Parental Rights Bill - unworkable and unsafe

The NSW Parliament is currently considering two pieces of legislation proposed by One Nation’s Mark Latham.

These bills are the Education Legislation Amendment (Parental Rights) Bill 2020 (the Parental Rights Bill) and the Anti-Discrimination Amendment (Religious Freedoms and Equality) Bill 2020 (NSW).

If passed, the Parental Rights Bill in particular will have a big impact on teaching and the work of schools.

Notwithstanding that, religious figures and some school employer representatives have leapt forward to support the Bill, without necessarily scrutinising the detail. (Catholic Education Diocese of Parramatta is a notable exception to this position, as is the Anglican Church Diocese of Sydney, for different reasons.)

Teaching unions have expressed opposition to the Bill. Both the IEU and the NSW Teachers Federation made submissions to and gave evidence before the Legislative Council Committee inquiring into the Bill.

What is the Bill about?

The Bill has two key objectives. The first is called ‘parental primacy’, that is, to ensure that parents and not schools are responsible for teaching children about core values, such as ethical and moral standards, political and social values and matters of personal wellbeing and identity, including gender and sexuality. The second objective is to prohibit the teaching of ‘gender fluidity’ in schools.

The Bill proposes a range of measures to achieve these objectives.

Parental responsibility

The Education Act already states as a fundamental principle that “the education of a child is primarily the responsibility of the child’s parents”. However, the Parental Rights Bill goes much further in giving parents a key role in school curriculum in both government and non-government schools.

All schools would be required under the Bill to ensure, as far as possible, that the education provided is “consistent with the moral and ethical standards and the political and social values” of parents. Further, the education provided must respect the “liberty of parents … to ensure the religious and moral education of their children in conformity with their own convictions”.

Precisely what this means in a society where parents have diverse religious, political and social views is unclear.

United front: Pictured above is IEUA NSW/ACT Branch Secretary Mark Northam with Amber Flohm, Senior Vice President of the NSW Teachers Federation. Northam and Flohm were in NSW Parliament House on 21 April appearing before the Inquiry into the Education Legislation Amendment (Parental Rights) Bill. Both the IEU and the Teachers Federation strenuously object to this regressive legislation, proposed by One Nation's Mark Latham.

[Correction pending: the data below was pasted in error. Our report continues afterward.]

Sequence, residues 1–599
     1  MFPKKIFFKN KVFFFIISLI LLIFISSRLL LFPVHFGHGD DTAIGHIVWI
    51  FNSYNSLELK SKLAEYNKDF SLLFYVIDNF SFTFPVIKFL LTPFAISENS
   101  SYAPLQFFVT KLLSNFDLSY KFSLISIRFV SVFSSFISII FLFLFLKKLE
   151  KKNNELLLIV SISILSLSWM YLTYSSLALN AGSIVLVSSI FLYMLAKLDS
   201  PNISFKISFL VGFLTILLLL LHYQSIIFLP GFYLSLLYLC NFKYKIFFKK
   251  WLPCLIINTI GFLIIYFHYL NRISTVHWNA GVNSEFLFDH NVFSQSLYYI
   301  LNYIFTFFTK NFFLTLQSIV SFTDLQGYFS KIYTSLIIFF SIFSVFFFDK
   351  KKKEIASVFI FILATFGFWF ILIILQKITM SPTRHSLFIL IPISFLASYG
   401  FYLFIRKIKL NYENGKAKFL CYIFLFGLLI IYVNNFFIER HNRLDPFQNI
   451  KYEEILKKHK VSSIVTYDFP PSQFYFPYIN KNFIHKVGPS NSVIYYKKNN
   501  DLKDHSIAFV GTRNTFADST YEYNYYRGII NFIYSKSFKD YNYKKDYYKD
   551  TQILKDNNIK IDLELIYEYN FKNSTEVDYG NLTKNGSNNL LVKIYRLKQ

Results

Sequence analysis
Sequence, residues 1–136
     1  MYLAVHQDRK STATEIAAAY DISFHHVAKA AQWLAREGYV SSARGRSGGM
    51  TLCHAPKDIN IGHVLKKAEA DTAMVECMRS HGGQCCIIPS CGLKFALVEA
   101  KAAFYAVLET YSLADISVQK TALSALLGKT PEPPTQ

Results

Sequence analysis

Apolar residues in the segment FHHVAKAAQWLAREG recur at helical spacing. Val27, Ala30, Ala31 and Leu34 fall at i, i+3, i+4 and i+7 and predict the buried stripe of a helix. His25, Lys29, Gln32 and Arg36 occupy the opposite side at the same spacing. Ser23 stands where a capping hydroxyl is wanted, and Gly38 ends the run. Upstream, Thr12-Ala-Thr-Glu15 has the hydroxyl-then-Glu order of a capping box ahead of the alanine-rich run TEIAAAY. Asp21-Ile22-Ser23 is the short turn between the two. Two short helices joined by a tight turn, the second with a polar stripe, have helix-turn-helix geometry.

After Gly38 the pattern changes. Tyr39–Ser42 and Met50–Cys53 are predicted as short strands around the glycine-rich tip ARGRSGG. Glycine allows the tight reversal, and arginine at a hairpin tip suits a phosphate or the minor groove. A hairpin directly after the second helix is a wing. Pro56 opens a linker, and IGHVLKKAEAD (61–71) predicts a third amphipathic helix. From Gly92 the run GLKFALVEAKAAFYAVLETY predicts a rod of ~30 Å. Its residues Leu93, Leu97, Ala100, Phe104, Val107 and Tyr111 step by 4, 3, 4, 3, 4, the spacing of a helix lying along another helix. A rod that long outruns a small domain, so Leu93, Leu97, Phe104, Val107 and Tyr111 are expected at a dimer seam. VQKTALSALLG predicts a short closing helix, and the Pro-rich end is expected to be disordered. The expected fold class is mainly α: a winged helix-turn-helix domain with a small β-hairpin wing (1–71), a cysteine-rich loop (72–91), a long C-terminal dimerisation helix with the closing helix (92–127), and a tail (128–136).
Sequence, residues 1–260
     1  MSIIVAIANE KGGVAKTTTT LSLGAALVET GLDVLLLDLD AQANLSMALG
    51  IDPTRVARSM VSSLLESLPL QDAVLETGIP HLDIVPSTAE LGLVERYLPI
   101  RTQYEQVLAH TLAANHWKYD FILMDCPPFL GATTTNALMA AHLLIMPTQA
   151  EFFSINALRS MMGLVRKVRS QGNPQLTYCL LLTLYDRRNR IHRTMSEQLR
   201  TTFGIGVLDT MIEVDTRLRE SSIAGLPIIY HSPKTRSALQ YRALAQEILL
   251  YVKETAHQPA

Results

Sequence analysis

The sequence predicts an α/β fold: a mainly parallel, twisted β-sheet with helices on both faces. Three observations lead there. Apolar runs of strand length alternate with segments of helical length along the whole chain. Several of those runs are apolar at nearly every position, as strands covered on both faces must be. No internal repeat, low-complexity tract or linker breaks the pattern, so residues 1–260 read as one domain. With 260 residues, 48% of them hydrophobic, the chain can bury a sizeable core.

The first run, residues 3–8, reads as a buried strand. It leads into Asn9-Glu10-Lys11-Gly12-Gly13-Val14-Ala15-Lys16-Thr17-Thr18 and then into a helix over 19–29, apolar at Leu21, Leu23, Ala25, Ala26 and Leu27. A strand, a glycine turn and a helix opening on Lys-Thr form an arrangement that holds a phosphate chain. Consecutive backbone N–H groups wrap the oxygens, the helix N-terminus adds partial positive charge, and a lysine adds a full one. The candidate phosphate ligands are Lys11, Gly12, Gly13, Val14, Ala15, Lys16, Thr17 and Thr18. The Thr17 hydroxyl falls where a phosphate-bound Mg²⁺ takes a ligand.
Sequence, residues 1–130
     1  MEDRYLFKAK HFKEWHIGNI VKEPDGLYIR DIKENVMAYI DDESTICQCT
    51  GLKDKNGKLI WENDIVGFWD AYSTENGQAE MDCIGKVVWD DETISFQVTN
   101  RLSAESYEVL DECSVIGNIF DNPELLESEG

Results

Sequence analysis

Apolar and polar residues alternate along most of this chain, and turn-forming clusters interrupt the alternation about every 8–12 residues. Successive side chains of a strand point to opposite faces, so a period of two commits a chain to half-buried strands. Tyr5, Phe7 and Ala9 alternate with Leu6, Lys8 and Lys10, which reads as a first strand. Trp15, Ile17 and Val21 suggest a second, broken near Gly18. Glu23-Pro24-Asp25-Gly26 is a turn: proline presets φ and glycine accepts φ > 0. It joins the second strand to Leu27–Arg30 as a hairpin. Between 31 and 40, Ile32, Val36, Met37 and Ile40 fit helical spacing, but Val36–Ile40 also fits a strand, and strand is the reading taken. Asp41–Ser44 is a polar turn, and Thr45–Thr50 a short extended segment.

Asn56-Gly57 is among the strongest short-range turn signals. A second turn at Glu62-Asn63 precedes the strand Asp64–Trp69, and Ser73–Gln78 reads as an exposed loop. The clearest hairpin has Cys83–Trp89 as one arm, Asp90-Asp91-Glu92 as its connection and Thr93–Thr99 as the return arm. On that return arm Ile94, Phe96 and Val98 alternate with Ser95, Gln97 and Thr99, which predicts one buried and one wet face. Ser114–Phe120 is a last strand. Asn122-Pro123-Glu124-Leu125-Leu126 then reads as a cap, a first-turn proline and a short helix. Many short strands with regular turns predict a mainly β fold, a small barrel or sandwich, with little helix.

Does the school have a positive duty to enquire about these views and how do they ensure the education is in conformity? Do Catholic schools have an obligation to ensure their education respects the view of parents of other religions or no religion?

How are issues of climate change or the environment dealt with? How do you deal with literature or other texts that express views that may be contrary to the views of parents?

In order to implement parental primacy, the Bill requires NESA to identify those parts of any syllabus developed or endorsed by NESA, that relate to parental primacy.

NESA also must prepare “resources for parents” setting out the areas of syllabus that relate to parental primacy and provide these resources to schools, including non-government schools. Given the breadth of the definition of parental primacy, any syllabus that touches on ethical and moral standards, political and social values and personal wellbeing could be affected. Who will write these resources and what they will say is anyone’s guess.

The Minister for Education would be required to monitor the compliance of all schools, including non-government schools, with these parental primacy requirements two years after the legislation is passed.

Gender fluidity

Gender fluidity is defined in the Bill as the belief that there is a difference between biological sex and human gender and that human gender is socially constructed. The Bill prohibits the “teaching of gender fluidity” in the primary or secondary curriculum, prohibits the “teaching of gender fluidity” in any syllabus developed by NESA, and for clarity, prohibits the teaching of gender fluidity in any government or non-government school. The prohibition on the teaching of gender fluidity extends to school counsellors, consultants, non-teaching staff and volunteers.

Special provisions for government schools